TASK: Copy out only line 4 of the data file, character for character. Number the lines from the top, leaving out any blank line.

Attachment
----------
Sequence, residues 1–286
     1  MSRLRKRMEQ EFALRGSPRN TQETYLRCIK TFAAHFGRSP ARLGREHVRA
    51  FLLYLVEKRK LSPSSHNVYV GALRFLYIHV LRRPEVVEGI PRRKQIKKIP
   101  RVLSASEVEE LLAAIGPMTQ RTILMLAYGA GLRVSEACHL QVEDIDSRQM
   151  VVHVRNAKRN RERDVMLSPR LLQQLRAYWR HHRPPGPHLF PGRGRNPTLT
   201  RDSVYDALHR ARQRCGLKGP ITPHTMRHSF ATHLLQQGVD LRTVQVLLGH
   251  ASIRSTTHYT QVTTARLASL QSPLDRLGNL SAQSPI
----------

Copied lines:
   101  RVLSASEVEE LLAAIGPMTQ RTILMLAYGA GLRVSEACHL QVEDIDSRQM